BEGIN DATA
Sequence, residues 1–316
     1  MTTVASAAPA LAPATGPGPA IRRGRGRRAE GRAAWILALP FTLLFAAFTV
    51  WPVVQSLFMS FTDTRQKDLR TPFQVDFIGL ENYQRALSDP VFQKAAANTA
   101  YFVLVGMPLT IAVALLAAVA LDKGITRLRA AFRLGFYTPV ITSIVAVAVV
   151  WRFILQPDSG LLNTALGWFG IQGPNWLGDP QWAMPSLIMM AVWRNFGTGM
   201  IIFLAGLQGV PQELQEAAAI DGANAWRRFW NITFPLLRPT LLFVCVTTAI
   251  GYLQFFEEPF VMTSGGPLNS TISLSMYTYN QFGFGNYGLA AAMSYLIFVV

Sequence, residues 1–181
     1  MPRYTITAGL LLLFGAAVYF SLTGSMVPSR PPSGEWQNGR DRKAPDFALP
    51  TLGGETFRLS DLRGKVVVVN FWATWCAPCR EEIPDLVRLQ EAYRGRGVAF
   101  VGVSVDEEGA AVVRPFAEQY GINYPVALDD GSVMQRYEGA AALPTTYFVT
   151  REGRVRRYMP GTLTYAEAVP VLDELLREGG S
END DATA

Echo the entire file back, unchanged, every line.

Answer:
Sequence, residues 1–316
     1  MTTVASAAPA LAPATGPGPA IRRGRGRRAE GRAAWILALP FTLLFAAFTV
    51  WPVVQSLFMS FTDTRQKDLR TPFQVDFIGL ENYQRALSDP VFQKAAANTA
   101  YFVLVGMPLT IAVALLAAVA LDKGITRLRA AFRLGFYTPV ITSIVAVAVV
   151  WRFILQPDSG LLNTALGWFG IQGPNWLGDP QWAMPSLIMM AVWRNFGTGM
   201  IIFLAGLQGV PQELQEAAAI DGANAWRRFW NITFPLLRPT LLFVCVTTAI
   251  GYLQFFEEPF VMTSGGPLNS TISLSMYTYN QFGFGNYGLA AAMSYLIFVV

Sequence, residues 1–181
     1  MPRYTITAGL LLLFGAAVYF SLTGSMVPSR PPSGEWQNGR DRKAPDFALP
    51  TLGGETFRLS DLRGKVVVVN FWATWCAPCR EEIPDLVRLQ EAYRGRGVAF
   101  VGVSVDEEGA AVVRPFAEQY GINYPVALDD GSVMQRYEGA AALPTTYFVT
   151  REGRVRRYMP GTLTYAEAVP VLDELLREGG S